PP401 Half Unit
Political Science for Public Policy
This information is for the 2019/20 session.
Dr Joachim Wehner
Dr Mathilde Emeriau
This course is compulsory on the Master of Public Policy. This course is not available as an outside option.
This course has no pre-requisites.
The course will introduce students to how to understand the political context of policymaking, using the latest theoretical and empirical knowledge in modern political science. The course will cover, among other things, political behaviour (such as voting behaviour, elections and lobbying), political institutions (such as electoral systems, parliamentary and presidential government, and central banks) and political outcomes (such as economic policies, development aid and ethnic conflict). The course will combine a review of the main empirical regularities across time and across country in each of these areas, with an introduction to key theoretical arguments about how to understand how actors interact and how institutions shape strategic behaviour, and an introduction to the latest empirical (and causal) estimation techniques for testing theoretical propositions.
20 hours of lectures and 10 hours of seminars in the MT.
Students will be expected to produce 1 essay in the MT.
Analysing Politics by Shepsle and Bonchek (W.W. Norton, 2010, 2nd edition) provides an excellent starting point and can be used as the main reference for many topics. A full reading list will be distributed at the beginning of the course.
Essay (30%, 2000 words) and online assessment (50%) in the LT.
Part 1. Group Application (20%)
There will be an application exercise, which will be presented and assessed. The application will be carried out in groups, and will be assessed on the basis of the group presentation. Each seminar group will be divided into three groups (of approximately 5 students) several weeks prior to the presentation. Each group will have an opportunity to receive feedback on their proposed plan for the presentation. Assessment will be as a group but there may be an individual component within the mark.
Part 2. Essay (30%)
There will be an essay of 2,000 words. The word count for the essay will include footnotes and appendices but exclude references/bibliography. Students will be able to choose their own question.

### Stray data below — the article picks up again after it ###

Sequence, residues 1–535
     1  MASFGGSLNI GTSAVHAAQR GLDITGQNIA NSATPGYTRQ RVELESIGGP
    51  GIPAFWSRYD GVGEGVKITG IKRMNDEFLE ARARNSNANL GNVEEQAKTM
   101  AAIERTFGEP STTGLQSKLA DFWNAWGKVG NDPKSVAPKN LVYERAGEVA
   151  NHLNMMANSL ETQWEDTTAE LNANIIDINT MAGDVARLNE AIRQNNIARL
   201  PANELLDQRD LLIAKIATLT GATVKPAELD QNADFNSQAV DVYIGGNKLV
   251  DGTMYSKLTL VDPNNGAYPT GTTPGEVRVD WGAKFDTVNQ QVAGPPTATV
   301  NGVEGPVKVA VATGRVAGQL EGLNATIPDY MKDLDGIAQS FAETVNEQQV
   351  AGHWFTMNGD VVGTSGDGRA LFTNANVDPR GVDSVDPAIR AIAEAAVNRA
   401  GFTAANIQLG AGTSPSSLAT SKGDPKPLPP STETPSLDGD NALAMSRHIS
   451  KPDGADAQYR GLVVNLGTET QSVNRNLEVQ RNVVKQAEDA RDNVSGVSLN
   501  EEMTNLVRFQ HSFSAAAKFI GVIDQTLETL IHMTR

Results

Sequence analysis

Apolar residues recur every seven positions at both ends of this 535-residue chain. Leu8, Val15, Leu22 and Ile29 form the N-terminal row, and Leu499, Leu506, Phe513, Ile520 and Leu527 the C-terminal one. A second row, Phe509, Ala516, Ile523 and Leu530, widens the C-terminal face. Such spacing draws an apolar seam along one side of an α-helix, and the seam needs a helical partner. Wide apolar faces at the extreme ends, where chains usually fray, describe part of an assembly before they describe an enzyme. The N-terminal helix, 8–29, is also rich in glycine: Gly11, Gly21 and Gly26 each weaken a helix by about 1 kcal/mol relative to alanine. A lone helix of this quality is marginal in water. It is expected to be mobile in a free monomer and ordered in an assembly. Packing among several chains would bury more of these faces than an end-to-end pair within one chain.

Part 3. Online assessment (50%)
The online assessment will be administered via Moodle on a day of week 0 of Lent Term to be co-ordinated each year with other courses of the MPP degree with assessments at this time of year. Students will have a fixed window (e.g. 12-hour or 24-hours) within which to access the assignment questions and to respond to them. Once they have logged into Moodle and downloaded the questions students will have 2 hours to prepare and upload their answers. No outside research will be required. Questions will be based on topics covered in lectures and seminars. There will be two parts to the online assessment which carry equal weight: (1) a compulsory “short questions” section; (2) one essay question from a list of 6 questions.
Please note that for the online assessment, extra time can be granted as a standard request for students with inclusion plans or who otherwise would need individual examination adjustments.
Department: School of Public Policy
Total students 2018/19: Unavailable
Average class size 2018/19: Unavailable
Controlled access 2018/19: No
Value: Half Unit
Personal development skills
- Team working
- Problem solving
- Application of information skills
- Application of numeracy skills
- Specialist skills